18:40 - Mr Karpe:-
What is your opinion on UBI and will it be effective?
18:49 - Mr Ranade:-
The Universal Basic Income policy could be tried out but not during a pandemic. At this hour, the priority should be food security since masses like migrants are mainly dependent on external sources for food like community kitchens etc. So that is where the concept of mid-day meals came.
19:45 - Mr Karpe:-
What is your call on salary payments by corporates?
19:55 - Mr Ranade:-
The appeal by the Prime Minister, while morally sound, was unfair for employers in non-essential sectors. Practically, if they have zero revenue, then they would not have enough monetary resources to pay off their employees or other fixed-cost obligations. The Government can provide aid to the corporates if they want to prevent mass layoffs and retrenchments. They can reimburse 70-80% of the salary with the help of EPFO data available online. The corporates would have to prove that they paid salaries.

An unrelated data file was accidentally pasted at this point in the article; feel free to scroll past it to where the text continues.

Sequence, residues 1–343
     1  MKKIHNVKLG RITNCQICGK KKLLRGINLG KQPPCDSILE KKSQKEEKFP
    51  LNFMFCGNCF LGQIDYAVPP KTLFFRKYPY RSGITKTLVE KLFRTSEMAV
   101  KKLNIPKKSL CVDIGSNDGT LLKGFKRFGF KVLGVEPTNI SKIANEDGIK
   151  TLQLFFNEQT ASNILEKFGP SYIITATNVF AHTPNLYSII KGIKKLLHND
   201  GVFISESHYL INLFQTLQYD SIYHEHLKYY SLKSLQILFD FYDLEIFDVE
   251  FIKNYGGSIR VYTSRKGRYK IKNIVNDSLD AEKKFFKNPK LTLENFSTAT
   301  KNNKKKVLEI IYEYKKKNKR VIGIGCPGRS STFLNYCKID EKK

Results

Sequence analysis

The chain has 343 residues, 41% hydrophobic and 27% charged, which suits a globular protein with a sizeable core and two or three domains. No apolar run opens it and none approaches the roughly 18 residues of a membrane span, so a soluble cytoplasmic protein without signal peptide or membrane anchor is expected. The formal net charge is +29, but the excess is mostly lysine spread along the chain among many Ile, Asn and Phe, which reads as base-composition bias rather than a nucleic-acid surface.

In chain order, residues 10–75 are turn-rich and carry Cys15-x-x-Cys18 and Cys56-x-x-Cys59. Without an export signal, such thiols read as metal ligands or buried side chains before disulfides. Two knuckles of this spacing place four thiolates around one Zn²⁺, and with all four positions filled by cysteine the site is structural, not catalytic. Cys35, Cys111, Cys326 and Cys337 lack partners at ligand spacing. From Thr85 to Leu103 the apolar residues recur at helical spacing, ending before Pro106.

21:10 - Mr Karpe:-
Let me ask you the last question. It is a bit personal. I noticed that you are an IIT-B Engineer, IIM-A graduate and then went to Brown University for Economics. Are you an accidental Economist?
21:21 - Mr Ranade:-
I am just a student of Economics. Economics is everybody’s domain, incidentally. The domain is so wide that on one hand, it looks like Sociology, Political Science and Demography. On the other hand, it looks like Statistics and Maths. Because of my Engineering background, I got to do the Maths part of it. In India, it is an exciting place because you get involved in so many aspects of developments of monetary policy, fiscal policy.
21:57 - Mr Karpe:-
I’m glad you chose Economics and that you are here today to share your views. Thank you, Ajit! You spoke about Covid bonds, UBI, fiscal stimulus and GST rates. You covered a lot of ground and I am sure that our viewers enjoyed this 20-minutes session on ‘What Next’.